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As part of the government’s ‘road to zero’ plans, all new motorbikes from 2035 will be e-powered.

In our recent survey of current motorbike owners, which attracted over 850 responses – of the 35% who said they would never buy an electric motorbike, 60% said limitations on distance you can travel on a single charge is a key barrier, 50% said they were too expensive and 50% cited the impact on their biking experience.  The time it takes to recharge and the lack of infrastructure to support charging are also clear barriers.

Many bikers (20%) also cited safety due to lack of noise as an area of concern and whilst we don’t have specific data on environmental concerns, many commented that the manufacturing and disposal of batteries impacts more on the environment than many people realise.

Currently, electric motorbikes account for around 6% of all sales, but there is clearly some way to go before they are accepted across the whole of the biking community.

Here we consider the top five barriers as cited by respondents in our survey in a bit more detail.

1. Limitations on distance

Limitations on distance is the top reason motorcyclists are not choosing electric right now.

In a similar way to electric car owners, electric bikers suffer from the phenomenon of “range anxiety” with many riders worrying that an electric motorcycle won’t provide enough charge to reach their destination.

Given many of our respondents are casual riders this comes as no surprise.  We would expect them to want the ability to ride for longer distances for those weekend tours of the countryside on a sunny day.

Many of our respondents were quick to point out the lack of charging points particularly in the countryside and certainly outside of big cities, the infrastructure is still lacking.  The current average distance on one charge is around the 50-mile mark, which you could argue makes them suitable only to commuters.

The government’s plan is to ensure drivers will never be further than 30 miles from a rapid charging station by 2030, which should go some way to easing these concerns in the next few years.

2. The cost of electric bikes

Cost is clearly also a huge factor for electric sceptics.  It is well known that electric motorbikes are very (some would say eye-wateringly) expensive although lower-cost models designed for daily commuters are entering the market and helping to make prices more affordable for more riders.

Several people also commented on the cost of recharging, showing concerns for the current high cost of electricity.

3. The loss of the biking experience

“You can’t beat the sound of an engine “on song”” is how one of our survey respondents described the attraction of the petrol fuelled engine.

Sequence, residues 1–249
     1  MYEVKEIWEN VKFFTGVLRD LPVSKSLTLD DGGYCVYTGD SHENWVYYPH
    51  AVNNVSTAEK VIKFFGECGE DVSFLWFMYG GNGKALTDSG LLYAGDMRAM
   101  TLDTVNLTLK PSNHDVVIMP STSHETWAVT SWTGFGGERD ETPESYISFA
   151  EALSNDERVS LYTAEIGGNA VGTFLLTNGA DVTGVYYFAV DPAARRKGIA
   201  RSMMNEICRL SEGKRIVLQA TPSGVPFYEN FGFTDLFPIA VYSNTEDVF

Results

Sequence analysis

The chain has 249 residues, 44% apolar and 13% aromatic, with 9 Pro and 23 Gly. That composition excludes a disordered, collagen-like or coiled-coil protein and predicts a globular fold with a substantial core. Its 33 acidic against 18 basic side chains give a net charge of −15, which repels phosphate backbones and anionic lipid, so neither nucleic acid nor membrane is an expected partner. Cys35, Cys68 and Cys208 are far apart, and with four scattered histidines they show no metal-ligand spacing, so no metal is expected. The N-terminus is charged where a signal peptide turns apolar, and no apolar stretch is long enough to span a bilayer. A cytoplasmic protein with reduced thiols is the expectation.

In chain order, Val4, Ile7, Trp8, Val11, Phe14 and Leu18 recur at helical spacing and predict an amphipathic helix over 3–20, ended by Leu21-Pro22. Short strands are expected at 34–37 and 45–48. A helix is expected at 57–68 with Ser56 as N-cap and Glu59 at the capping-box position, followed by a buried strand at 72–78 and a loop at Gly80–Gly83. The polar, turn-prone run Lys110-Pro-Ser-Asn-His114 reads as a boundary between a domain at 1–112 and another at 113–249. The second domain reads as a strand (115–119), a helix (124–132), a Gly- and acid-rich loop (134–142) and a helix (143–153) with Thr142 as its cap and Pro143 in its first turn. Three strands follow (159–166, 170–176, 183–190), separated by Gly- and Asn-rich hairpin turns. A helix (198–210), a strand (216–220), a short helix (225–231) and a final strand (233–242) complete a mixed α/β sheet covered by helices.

The thrill of the noise, the vibrations of the engine, the smell of the fumes and the overall fun factor trump everything for some riders and are driving a reluctance amongst some owners to ever switch to electric.  Someone even commented that electric bikes have no soul. This sentimentality and longing to hang on to the revs could arguably be the hardest barrier to overcome.

4. Safety on the roads

The lack of sound from an electric bike has also led to some questioning whether the silence of an electric motor could compromise safety on the roads.  One respondent said “Too quiet, I’m a firm believer of loud pipes save lives. If they can’t hear you, they won’t see you.”

5. Environmental impact of manufacturing batteries

Many of our survey respondents commented that they have concerns around the impact of mining for the necessary raw materials (mainly lithium and cobalt) used for making batteries and the disposal of batteries at the end of their life.

The issues around this are well documented and efforts are being made to address them as well as progress being made to greatly improve the recycling of batteries by 2030.

Summary of our findings

Going back to our survey, if the issues around cost, charging and the range of models on offer were to be addressed, 17% said they would buy electric in future, whilst 53% are still sitting on the fence.

If the 2035 government target is to be reached, there is just over 10 years for the manufacturers to convince many riders to move away from the rumble of an exhaust.

Improvements are being made all the time in battery capacities and charging capabilities, as well as recycling of batteries.  More models coming on to the market should start to push prices down.

Just as electric cars have paved the way and become a viable option, bikes will follow although it seems currently that many people need more convincing and may wait until they are forced into it.  The biggest challenge may well be overcoming the sentimentality barrier and the experience factor of riding a petrol-fuelled bike.